Physical version
No.TitleLength
1."Fear Inoculum"10:20
2."Pneuma"11:53
3."Invincible"12:44
4."Descending"13:37
5."Culling Voices"10:05
6."Chocolate Chip Trip" (instrumental)4:48
7."7empest"15:43
Total length:79:10
Digital version
No.TitleLength
1."Fear Inoculum"10:20
2."Pneuma"11:53
3."Litanie contre la peur" (instrumental; French for "Litany Against Fear")2:14
4."Invincible"12:44
5."Legion Inoculant" (instrumental)3:09
6."Descending"13:37
7."Culling Voices"10:05
8."Chocolate Chip Trip" (instrumental)4:48
9."7empest"15:43
10."Mockingbeat" (instrumental)2:05
Total length:86:38

Personnel[edit]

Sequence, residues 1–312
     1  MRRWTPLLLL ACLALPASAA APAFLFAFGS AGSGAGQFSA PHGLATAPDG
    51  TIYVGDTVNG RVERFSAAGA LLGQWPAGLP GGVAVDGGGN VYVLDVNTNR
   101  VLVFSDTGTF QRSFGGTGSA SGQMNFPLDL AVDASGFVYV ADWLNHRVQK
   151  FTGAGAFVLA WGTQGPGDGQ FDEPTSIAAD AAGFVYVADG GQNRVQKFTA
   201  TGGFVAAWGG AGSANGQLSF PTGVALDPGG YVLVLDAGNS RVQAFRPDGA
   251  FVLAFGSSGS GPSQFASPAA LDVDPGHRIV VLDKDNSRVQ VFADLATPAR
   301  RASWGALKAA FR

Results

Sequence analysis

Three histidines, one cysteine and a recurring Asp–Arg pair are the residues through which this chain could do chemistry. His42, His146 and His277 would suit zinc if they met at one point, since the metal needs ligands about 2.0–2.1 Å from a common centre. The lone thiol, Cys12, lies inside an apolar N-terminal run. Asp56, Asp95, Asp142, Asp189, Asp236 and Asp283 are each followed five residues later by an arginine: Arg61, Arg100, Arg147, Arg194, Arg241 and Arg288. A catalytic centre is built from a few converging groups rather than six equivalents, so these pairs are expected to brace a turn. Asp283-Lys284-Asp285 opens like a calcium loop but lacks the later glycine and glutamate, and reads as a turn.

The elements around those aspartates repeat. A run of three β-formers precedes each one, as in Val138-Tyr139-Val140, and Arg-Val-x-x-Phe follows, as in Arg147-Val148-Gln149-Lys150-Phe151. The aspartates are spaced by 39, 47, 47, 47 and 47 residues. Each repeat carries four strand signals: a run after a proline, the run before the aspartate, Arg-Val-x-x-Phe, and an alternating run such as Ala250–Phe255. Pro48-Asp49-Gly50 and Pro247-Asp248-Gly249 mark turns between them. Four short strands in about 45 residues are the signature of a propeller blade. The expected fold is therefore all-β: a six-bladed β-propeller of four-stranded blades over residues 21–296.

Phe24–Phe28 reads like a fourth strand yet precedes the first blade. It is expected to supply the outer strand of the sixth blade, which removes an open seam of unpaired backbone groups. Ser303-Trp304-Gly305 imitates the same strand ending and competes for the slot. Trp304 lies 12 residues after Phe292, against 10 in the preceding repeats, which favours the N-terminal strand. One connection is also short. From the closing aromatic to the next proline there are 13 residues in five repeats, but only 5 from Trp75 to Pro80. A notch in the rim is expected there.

Credits and recording studios adapted from the album's liner notes.[68]

Charts[edit]

Chart (2019) Peak
position
Australian Albums (ARIA)[69] 1
Austrian Albums (Ö3 Austria)[70] 3
Belgian Albums (Ultratop Flanders)[71] 1
Belgian Albums (Ultratop Wallonia)[72] 4
Canadian Albums (Billboard)[73] 1
Czech Albums (ČNS IFPI)[74] 17
Danish Albums (Hitlisten)[75] 4
Dutch Albums (Album Top 100)[76] 3
Finnish Albums (Suomen virallinen lista)[77] 2
French Albums (SNEP)[78] 9
German Albums (Offizielle Top 100)[79] 2
Greek Albums (IFPI)[80] 10
Hungarian Albums (MAHASZ)[81] 5
Irish Albums (IRMA)[82] 4
Italian Albums (FIMI)[83] 2
Japan Hot Albums (Billboard Japan)[84] 29
Japanese Albums (Oricon)[85] 44
Lithuanian Albums (AGATA)[86] 8
New Zealand Albums (RMNZ)[87] 1
Norwegian Albums (VG-lista)[88] 1
Polish Albums (ZPAV)[89] 6
Scottish Albums (OCC)[90] 2
Spanish Albums (PROMUSICAE)[91] 3
Swedish Albums (Sverigetopplistan)[92] 7
Swiss Albums (Schweizer Hitparade)[93] 2
UK Albums (OCC)[94] 4
US Billboard 200[66] 1